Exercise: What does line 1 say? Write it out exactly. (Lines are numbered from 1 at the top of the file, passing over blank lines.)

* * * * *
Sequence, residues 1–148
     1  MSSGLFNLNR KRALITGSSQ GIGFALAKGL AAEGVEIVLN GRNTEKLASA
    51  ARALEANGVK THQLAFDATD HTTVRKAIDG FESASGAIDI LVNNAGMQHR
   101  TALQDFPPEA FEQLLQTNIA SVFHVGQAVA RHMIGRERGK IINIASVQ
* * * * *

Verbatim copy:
Sequence, residues 1–148